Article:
CanWNT stars say labour dispute with Canada Soccer is 'pretty disgusting'
"There is no way we should be facing the current reality that we are facing, so something needs to change."
The Canadian women's national soccer team is not happy with Canada Soccer, and its biggest stars have now made their voices heard.
CanWNT veterans Christine Sinclair, Janine Beckie and Sophie Schmidt held an independent media availability on Tuesday, sharing their disappointment over the governing body's treatment of the women's team vis-a-vis their male counterparts.
“It’s pretty disgusting that we’re having to ask just to be treated equally,” Beckie told reporters. “We’re really sick of it. Now, I don’t get disappointed. I just get angry about it.”
Beckie and her teammates publicly threatened to strike last week ahead of the SheBelieves Cup, taking place in the United States. The Canadian Soccer Players' Association released a statement on their behalf, saying it was "both outraged and deeply concerned" with the lack of support shown towards the women's national squad.
The players are also concerned their preparation for the FIFA Women's World Cup, which takes place in July 2023, is compromised due to budget and personnel cuts.
"We have been told that there will be no home game for our team before the World Cup. We have been told, quite literally, that Canada Soccer cannot adequately fund the women's national team, and they have waited to tell us this until now, when we are less than six months from the World Cup," the statement said.
Canada Soccer threatened legal action if the players refused to report, claiming the team would be participating in an "unlawful strike". The players reluctantly accepted to return to training Sunday and participate in the SheBelieves Cup, which kicks off on Feb. 16.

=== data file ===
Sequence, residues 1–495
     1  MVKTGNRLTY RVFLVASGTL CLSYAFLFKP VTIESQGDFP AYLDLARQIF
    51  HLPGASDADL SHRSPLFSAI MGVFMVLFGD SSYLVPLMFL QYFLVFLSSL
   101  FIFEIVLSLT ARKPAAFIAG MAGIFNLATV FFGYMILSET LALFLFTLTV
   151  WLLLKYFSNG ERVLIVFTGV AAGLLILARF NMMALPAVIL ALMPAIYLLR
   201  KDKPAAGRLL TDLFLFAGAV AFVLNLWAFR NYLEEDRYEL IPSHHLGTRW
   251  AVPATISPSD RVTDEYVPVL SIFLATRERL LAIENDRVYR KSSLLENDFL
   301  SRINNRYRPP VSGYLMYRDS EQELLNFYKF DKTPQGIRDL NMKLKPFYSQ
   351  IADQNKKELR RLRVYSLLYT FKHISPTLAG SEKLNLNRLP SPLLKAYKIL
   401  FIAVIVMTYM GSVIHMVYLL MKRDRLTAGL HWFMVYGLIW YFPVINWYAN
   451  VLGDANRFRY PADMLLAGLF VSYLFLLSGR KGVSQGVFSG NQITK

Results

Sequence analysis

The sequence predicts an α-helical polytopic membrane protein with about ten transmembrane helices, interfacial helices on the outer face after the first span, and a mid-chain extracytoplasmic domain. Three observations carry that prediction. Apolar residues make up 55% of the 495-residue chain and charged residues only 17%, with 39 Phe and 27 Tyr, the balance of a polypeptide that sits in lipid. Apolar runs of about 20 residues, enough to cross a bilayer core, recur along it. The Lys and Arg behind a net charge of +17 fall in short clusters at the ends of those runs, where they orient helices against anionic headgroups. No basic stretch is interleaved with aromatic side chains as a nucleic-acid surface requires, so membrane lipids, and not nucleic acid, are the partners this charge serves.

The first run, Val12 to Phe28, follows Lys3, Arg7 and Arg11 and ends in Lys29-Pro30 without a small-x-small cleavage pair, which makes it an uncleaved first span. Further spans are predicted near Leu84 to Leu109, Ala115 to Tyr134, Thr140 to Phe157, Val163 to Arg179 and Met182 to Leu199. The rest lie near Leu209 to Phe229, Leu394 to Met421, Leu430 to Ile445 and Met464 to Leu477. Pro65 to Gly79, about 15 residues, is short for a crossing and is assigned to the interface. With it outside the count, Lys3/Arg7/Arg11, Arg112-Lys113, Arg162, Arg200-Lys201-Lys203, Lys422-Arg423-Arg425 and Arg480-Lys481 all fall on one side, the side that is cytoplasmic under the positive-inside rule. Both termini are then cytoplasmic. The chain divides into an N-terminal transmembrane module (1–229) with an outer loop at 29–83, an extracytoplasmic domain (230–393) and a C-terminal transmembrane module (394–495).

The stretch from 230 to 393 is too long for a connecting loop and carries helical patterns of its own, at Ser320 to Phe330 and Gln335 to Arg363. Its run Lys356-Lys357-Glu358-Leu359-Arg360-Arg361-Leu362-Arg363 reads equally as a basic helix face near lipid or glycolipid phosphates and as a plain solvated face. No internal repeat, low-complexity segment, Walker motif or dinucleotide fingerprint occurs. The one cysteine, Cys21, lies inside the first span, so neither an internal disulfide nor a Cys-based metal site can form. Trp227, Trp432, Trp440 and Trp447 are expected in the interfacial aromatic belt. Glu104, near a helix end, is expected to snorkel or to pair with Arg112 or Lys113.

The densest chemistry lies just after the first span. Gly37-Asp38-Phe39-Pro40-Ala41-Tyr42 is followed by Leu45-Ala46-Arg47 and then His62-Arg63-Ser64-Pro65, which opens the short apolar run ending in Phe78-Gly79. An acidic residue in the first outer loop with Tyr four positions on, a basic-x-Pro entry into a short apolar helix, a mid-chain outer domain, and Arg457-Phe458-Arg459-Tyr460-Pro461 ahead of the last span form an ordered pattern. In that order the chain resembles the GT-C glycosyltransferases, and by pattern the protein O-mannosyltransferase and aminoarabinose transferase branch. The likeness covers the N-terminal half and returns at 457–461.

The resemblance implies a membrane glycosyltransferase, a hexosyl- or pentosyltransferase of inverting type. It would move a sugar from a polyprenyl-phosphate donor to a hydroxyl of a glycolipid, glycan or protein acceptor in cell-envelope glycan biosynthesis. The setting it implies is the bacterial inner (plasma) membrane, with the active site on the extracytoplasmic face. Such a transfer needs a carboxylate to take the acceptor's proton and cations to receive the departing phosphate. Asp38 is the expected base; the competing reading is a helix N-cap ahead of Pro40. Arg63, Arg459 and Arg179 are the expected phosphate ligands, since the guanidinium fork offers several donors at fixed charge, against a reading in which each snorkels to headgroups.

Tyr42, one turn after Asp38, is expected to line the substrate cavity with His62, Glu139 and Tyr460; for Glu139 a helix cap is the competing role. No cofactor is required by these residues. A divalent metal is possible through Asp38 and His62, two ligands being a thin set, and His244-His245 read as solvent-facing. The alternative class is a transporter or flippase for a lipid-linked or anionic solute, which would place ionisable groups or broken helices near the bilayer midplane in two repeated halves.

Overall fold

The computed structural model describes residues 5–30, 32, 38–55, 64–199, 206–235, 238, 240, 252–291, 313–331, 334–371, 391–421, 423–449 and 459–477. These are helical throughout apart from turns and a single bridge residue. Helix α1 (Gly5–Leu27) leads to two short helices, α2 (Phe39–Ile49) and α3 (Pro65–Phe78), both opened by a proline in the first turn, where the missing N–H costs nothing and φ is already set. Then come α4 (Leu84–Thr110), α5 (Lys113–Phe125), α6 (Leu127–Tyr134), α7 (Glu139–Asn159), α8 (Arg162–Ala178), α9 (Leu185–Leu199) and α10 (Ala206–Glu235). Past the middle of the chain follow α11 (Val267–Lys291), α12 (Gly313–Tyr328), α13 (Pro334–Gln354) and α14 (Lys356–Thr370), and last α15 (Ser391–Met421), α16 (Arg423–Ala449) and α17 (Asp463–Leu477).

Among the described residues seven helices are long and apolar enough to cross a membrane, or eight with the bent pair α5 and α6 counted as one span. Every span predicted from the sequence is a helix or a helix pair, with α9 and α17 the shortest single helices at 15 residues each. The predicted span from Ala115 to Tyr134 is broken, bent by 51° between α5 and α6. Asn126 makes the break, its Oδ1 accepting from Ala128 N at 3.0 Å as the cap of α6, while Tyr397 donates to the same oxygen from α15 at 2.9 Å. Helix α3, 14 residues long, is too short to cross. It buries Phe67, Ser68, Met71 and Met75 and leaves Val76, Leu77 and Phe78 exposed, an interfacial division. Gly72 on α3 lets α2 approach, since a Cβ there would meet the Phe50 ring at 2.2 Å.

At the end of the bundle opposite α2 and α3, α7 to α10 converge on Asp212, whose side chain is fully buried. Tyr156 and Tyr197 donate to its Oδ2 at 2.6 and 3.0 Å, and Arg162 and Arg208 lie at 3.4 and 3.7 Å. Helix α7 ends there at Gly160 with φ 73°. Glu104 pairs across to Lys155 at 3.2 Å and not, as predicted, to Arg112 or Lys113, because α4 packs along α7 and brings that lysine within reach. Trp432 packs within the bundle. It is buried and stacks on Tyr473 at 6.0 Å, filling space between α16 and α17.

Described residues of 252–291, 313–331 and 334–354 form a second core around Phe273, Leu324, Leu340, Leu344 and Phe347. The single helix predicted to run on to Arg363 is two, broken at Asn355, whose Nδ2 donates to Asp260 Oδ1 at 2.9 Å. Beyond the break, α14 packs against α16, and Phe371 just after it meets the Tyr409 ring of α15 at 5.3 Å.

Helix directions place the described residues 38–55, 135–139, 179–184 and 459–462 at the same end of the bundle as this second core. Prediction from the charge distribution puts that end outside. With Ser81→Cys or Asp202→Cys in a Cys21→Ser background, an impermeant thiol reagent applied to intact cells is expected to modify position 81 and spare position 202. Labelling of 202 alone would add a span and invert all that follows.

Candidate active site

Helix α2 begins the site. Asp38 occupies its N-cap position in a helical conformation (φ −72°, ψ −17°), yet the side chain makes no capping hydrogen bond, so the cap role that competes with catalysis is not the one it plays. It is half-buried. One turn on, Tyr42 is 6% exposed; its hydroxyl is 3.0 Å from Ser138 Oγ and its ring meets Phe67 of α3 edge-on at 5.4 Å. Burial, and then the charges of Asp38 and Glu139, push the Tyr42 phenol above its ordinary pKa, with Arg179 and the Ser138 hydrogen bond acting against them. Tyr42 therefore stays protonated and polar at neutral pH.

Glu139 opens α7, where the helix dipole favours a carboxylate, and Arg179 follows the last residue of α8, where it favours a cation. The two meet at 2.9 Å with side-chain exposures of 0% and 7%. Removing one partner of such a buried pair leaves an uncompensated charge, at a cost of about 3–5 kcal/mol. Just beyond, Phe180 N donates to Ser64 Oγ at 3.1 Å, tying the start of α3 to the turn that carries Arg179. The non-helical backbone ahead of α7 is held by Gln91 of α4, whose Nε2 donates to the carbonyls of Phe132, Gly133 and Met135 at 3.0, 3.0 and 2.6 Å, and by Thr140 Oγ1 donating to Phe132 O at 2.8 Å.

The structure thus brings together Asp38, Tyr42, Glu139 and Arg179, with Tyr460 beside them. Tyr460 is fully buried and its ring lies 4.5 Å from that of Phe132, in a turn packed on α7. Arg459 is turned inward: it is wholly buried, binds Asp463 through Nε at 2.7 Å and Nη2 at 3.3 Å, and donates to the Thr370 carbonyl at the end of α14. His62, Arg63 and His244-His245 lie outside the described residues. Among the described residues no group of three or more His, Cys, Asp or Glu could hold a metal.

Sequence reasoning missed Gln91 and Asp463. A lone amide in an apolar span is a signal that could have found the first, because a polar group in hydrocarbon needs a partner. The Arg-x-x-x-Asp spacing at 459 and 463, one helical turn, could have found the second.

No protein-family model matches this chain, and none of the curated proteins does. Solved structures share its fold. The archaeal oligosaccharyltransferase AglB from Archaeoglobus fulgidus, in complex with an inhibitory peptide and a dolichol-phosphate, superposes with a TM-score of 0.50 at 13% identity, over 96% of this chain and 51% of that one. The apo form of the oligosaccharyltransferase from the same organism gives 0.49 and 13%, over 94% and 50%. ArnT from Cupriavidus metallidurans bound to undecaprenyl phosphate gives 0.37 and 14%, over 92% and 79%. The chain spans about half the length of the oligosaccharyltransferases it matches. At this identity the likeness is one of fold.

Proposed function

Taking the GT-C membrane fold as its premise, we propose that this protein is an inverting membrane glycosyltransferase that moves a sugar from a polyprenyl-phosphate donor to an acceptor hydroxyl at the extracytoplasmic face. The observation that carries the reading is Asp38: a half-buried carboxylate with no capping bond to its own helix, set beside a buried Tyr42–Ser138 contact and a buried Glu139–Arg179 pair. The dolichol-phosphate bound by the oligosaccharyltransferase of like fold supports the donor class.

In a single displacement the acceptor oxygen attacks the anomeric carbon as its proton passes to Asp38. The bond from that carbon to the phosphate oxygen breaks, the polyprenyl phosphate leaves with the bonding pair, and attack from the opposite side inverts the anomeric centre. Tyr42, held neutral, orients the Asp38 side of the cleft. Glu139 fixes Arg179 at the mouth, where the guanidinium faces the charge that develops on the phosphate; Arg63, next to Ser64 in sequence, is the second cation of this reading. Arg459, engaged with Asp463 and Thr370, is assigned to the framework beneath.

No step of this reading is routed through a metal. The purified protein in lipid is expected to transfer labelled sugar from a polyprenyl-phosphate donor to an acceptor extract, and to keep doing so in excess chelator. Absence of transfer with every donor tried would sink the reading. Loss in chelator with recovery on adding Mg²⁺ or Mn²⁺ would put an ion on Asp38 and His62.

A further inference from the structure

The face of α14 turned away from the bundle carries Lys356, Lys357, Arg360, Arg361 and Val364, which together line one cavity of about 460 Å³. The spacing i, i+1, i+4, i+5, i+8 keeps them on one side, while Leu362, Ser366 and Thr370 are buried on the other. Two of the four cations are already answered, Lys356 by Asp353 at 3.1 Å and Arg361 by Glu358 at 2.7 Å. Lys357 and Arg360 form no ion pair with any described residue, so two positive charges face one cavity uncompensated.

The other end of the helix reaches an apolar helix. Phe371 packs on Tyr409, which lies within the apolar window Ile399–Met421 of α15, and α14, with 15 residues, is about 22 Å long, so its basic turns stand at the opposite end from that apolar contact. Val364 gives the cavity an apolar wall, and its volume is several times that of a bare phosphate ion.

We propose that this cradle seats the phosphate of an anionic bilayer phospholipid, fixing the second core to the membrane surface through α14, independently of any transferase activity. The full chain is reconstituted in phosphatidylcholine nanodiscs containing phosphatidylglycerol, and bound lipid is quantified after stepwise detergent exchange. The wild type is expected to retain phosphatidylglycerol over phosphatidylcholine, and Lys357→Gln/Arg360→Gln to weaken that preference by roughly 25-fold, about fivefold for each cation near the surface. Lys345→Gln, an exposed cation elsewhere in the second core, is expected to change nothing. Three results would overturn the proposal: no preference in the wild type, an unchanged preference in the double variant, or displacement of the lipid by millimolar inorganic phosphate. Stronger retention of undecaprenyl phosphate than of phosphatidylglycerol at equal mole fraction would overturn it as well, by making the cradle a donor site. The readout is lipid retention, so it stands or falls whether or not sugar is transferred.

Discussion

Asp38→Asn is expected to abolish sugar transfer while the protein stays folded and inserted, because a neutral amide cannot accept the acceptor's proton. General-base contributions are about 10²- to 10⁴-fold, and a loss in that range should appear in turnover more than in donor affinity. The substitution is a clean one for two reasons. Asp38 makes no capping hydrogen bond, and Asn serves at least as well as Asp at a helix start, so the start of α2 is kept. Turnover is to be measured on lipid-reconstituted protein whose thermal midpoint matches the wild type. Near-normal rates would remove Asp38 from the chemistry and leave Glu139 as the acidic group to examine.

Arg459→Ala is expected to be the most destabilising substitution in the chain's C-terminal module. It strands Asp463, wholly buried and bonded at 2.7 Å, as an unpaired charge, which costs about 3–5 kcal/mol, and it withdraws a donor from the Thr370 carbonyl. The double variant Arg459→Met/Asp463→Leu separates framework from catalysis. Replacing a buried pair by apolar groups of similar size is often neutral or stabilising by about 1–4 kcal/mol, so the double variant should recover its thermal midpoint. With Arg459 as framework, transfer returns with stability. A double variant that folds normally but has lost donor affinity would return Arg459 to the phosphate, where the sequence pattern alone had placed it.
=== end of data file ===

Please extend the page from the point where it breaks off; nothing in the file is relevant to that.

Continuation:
"To be clear. We are being forced back to work for the short term. This is not over. We will continue to fight for everything we deserve and we will win. The She Believes is being played in protest," captain and Canadian soccer legend Sinclair tweeted on Saturday.
Sinclair emphasized that the players will not report for camps leading up to the World Cup if a deal is not reached with the federation soon.
“All we’re asking for is to be given equal opportunity to our men’s team to prepare for the World Cup,” added Beckie. “I was blown away by the number of staff that the men’s team had [at the World Cup in Qatar]. We have maybe half the staff. If that’s the case for the men’s team, Bev [Priestman] should be given every member of staff requested.
“We won the damn Olympic Games and we’re going to the World Cup with a team that can win. We should be fully prepared for that.”
Sinclair is confident that Canada Soccer will live up to its promise to compensate the men's and women's team equally, but admits the inequality goes far beyond pay.
“As player reps, we have no doubt it will happen, but it’s important for us to make sure the public knows that pay is only one small part … it runs much deeper than just what players make per game,” Sinclair said.
“I have been on the team for so long and it has been a constant battle with the CSA leadership,” she added. “There is no way we should be facing the current reality that we are facing, so something needs to change..”
Schmidt, a 34-year-old midfielder who made her debut with the women's senior team in 2005, admitted she contemplated retiring amidst the labour dispute, but was persuaded by teammates and head coach Bev Priestman to postpone her retirement until after the summer's World Cup.
"I promised [Sinclair] I'd fight the fight," an emotional Schmidt said.
“This could be our most important fight as national team players and we are determined to win,” Sinclair said.
Canada kicks off the SheBelieves Cup against the United States on Thursday at 7PM EST.
More from Yahoo Sports